Since table 9 showesthe probability of error for both of the variables are more than 5%, then the assumption is not significant. That is, with a 95% confidence level, for both teacher-student relationship and students’ cheating are normal and there is no problem using ANOVA.

Hypothesis 2: There is a significant relationship between teacher-student relationship and students’ GPA.

The statistical hypothesis testing is as follows:

Null hypothesis: the relationship between teacher and student is the same at the different levels of GPA.

The opposite hypothesis: There is a difference between teacher-student relationship in the different levels of GPA.

To perform this test, given that the data values are of numerical types and the number of GPA levels are more than two, the ANOVA will be used. However, since the assumption of normality of the data was not available, we use its parametric test, i.e. the Kruskal – Wallis test. This test uses an asymptotic distribution chi-square statistic. The results are as follows

Oneway

Table 10 ANOVA

rapport

Sum of Squares

df

Mean Square

F

Sig.

Between Groups

1.748

4

.437

.508

.730

Within Groups

94.520

110

.859

Total

96.268

114

Interpretation:

NPar Tests

Kruskal-Wallis Test

Ranks

moadel

N

Mean Rank

rapport

1

2

59.50

2

15

63.43

3

31

61.82

4

37

56.65

5

30

52.90

Total

115

Test Statisticsa,b

Rapport

Chi-square

1.575

df

4

Asymp. Sig.

.813

a. Kruskal Wallis Test

b. Grouping Variable: moadel

Since the probability of error is higher than 5%, then the assumption is not significant. That is, with 95% confidence level the teacher and student relationship at all GPA levels are the same. That means teacher-student relationship is not related to the students’ GPA.

Hypothesis 3: There is a significant relationship between students’ cheating and their GPA.

The statistical hypothesis test is as follows:

Null hypothesis: Students’ cheating/ not cheating is the same at different levels of GPA .

Opposite hypothesis: There is a difference between students’ cheating / not cheating at different levels of GPA.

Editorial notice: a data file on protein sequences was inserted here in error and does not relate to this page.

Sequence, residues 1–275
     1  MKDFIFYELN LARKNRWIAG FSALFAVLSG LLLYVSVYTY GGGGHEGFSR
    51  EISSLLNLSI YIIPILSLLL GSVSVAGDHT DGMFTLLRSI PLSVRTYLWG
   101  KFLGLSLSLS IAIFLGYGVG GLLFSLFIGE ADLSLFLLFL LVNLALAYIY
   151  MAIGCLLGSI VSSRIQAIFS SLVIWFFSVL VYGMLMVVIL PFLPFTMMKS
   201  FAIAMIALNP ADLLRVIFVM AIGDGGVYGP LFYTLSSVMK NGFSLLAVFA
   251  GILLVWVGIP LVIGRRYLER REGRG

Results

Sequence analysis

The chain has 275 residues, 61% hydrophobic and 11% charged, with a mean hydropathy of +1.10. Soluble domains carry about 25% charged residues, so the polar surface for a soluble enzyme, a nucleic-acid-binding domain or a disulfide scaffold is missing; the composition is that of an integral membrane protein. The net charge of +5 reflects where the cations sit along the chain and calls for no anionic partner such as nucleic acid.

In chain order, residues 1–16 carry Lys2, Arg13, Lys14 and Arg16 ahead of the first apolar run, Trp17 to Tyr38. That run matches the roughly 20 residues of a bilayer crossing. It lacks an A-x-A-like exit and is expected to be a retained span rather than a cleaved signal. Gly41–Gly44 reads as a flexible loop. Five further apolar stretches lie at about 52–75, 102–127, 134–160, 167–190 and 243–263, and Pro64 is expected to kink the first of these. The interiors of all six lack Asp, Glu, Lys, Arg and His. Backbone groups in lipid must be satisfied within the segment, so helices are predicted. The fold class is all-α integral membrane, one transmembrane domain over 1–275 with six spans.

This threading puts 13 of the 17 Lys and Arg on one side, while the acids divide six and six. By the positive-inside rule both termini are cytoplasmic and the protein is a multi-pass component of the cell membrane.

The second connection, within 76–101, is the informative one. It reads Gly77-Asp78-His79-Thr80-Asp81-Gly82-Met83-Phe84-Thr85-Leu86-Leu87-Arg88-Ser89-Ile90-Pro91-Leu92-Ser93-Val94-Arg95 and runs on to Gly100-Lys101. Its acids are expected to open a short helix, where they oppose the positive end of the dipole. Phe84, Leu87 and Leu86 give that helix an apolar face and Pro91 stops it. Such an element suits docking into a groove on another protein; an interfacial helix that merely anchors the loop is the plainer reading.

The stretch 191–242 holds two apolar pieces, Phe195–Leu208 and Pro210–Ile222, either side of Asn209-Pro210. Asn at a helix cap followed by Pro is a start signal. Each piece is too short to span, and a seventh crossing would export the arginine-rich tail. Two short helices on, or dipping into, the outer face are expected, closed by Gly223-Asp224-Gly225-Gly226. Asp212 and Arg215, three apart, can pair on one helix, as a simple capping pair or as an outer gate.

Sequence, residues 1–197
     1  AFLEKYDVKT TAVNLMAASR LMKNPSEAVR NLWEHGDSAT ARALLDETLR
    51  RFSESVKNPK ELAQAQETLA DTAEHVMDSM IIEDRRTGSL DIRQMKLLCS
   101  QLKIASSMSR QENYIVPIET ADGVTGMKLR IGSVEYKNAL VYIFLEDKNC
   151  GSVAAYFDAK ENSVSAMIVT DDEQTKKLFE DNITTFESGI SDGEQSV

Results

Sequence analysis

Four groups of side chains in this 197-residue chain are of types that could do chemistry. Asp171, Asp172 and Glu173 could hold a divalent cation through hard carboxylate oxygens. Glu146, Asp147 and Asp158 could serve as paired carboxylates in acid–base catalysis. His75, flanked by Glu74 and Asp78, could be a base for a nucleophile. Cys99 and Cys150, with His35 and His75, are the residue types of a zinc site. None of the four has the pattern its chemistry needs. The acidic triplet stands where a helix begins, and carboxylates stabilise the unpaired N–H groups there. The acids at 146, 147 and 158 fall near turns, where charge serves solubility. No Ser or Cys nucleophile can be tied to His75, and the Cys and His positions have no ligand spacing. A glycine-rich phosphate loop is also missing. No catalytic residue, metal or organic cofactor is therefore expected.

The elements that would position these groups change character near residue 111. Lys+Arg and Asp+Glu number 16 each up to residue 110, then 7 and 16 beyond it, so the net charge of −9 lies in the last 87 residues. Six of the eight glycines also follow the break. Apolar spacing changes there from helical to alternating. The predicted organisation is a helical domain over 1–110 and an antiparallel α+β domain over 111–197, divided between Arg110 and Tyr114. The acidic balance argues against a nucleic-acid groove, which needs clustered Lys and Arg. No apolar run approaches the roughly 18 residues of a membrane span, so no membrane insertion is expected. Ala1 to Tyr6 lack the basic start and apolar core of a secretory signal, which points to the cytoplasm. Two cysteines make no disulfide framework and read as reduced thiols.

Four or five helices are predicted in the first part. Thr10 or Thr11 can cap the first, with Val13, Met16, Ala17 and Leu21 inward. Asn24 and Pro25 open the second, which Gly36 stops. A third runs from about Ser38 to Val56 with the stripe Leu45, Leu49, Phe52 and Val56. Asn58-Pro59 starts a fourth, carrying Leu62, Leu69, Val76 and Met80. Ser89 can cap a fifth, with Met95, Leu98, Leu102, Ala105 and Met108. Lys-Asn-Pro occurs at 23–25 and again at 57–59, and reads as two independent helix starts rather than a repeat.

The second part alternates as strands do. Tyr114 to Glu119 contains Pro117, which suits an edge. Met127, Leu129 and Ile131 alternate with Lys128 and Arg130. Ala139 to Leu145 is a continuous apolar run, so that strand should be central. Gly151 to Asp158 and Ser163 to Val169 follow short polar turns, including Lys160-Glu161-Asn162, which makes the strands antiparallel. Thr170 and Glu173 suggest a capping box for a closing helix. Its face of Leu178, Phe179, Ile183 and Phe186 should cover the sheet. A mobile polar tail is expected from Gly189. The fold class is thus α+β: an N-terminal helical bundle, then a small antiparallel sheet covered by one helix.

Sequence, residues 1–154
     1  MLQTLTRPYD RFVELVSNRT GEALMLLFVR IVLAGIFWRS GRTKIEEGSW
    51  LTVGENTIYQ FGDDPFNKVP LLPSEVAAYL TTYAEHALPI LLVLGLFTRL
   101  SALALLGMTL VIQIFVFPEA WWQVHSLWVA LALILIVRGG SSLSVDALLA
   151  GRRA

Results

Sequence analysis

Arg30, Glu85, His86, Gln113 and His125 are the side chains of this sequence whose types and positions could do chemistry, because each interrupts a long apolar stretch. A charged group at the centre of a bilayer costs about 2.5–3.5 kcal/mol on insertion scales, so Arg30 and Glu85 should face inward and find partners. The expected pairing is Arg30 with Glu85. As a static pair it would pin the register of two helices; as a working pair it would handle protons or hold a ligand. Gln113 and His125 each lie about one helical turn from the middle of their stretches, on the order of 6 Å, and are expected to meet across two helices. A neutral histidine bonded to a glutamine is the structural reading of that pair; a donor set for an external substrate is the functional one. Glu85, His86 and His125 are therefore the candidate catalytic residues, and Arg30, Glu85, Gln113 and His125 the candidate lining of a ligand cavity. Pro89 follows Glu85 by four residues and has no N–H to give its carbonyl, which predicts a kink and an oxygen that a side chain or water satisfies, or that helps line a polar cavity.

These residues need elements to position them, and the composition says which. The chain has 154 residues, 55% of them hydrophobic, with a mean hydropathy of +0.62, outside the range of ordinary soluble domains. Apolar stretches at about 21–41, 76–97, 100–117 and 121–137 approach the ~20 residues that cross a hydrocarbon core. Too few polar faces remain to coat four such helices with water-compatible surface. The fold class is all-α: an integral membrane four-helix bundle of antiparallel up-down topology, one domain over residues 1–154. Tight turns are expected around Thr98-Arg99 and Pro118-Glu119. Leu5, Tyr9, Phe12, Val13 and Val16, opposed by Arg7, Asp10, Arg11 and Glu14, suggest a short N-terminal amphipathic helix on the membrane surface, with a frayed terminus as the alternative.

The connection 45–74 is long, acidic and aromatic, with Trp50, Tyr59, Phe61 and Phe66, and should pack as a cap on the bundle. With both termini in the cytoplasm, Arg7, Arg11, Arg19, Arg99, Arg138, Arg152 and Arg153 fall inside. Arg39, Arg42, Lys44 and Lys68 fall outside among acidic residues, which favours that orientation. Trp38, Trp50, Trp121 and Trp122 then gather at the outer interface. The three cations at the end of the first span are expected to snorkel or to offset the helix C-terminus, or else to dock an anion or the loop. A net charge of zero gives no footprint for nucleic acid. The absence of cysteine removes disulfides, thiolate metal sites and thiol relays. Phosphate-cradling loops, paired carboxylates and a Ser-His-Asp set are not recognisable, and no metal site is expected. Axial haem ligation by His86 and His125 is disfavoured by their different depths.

To conduct this test, given that the data values are of numerical values and the number of GPA levels are more than two levels, the ANOVA will be used. However, since the assumption of normality of the data was not available, we use its’ paramedics’ equivalent (the Kruskal – Wallis test). This test uses an asymptotic distribution chi-square statistic. The results are as follows:

Oneway

Table 11 ANOVA

cheating

Sum of Squares

df

Mean Square

F

Sig.

Between Groups

3.029

4

.757

1.293

.277

Within Groups

64.395

110

.585

Total

67.423

114

NPar Tests

Kruskal-Wallis Test

Ranks

moadel

N

Mean Rank

cheating

1

1

2

44.25

2

15

52.00

3

31

56.61

4

37

52.38

5

30

70.28

Total

115

Test Statisticsa,b

cheating

Chi-square

6.021

df

4

Asymp. Sig.

.198

a. Kruskal Wallis Test

b. Grouping Variable: moadel

Since in table 11 the probability of error is higher than 5%, so the assumption is not significant. That is, with 95% confidence level of students’ cheating/ not cheating are the same. This means that students’ cheating / not cheating is not related with their GPA.

– Another question addressed is that whether students use old methods or advanced methods for cheating?

To investigate this question, researcher considers the frequency and percentage of responses.

Table 12. Table of response frequency

Frequency table

Cheating

Never

rarely

Sometimes

Usually

Always

Total

Cheating1

28

32

31

21

3

115

Cheating2

29

27

35

19

5

115

Cheating3

33

28

28

14

12

115

Cheating4

37

25

28

16

9

115

Cheating5

38

36

17

20

4

115

Cheating6

29

22

31

18

15

115

Cheating7

33

28

23

21

10

115

Cheating8

65

23

12

8

7

115

Cheating9

74

16

10

8

7

115

Cheating10

74

21

12

7

1

115

Cheating11

58

32

17

5

3

115

Cheating12

79

17

13

3

3

115

Of the 12 methods listed in table 12, with a little care, we can say the first 7 method refers to old methods and the last 5 methods refer to new cheating methods.

Considering the second and third column from the right of the table (always and most of the times), for the last 5 questions (items number 8-12 which refers to the new methods), the number was one digit and are less than the other scenarios. Therefore, we can conclude that the new methods are less used.

Table.13 Response percent

cheating

Never